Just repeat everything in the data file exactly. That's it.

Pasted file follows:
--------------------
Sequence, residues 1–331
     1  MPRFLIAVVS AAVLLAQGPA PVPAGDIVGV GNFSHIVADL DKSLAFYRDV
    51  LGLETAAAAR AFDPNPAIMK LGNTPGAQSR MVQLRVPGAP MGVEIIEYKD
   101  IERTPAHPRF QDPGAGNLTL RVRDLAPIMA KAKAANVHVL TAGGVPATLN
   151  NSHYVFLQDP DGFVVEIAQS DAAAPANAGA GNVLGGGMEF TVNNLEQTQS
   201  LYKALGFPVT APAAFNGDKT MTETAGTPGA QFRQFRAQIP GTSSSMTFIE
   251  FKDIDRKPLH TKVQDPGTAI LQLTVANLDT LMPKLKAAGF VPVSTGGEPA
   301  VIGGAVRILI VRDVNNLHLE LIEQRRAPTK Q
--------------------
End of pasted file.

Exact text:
Sequence, residues 1–331
     1  MPRFLIAVVS AAVLLAQGPA PVPAGDIVGV GNFSHIVADL DKSLAFYRDV
    51  LGLETAAAAR AFDPNPAIMK LGNTPGAQSR MVQLRVPGAP MGVEIIEYKD
   101  IERTPAHPRF QDPGAGNLTL RVRDLAPIMA KAKAANVHVL TAGGVPATLN
   151  NSHYVFLQDP DGFVVEIAQS DAAAPANAGA GNVLGGGMEF TVNNLEQTQS
   201  LYKALGFPVT APAAFNGDKT MTETAGTPGA QFRQFRAQIP GTSSSMTFIE
   251  FKDIDRKPLH TKVQDPGTAI LQLTVANLDT LMPKLKAAGF VPVSTGGEPA
   301  VIGGAVRILI VRDVNNLHLE LIEQRRAPTK Q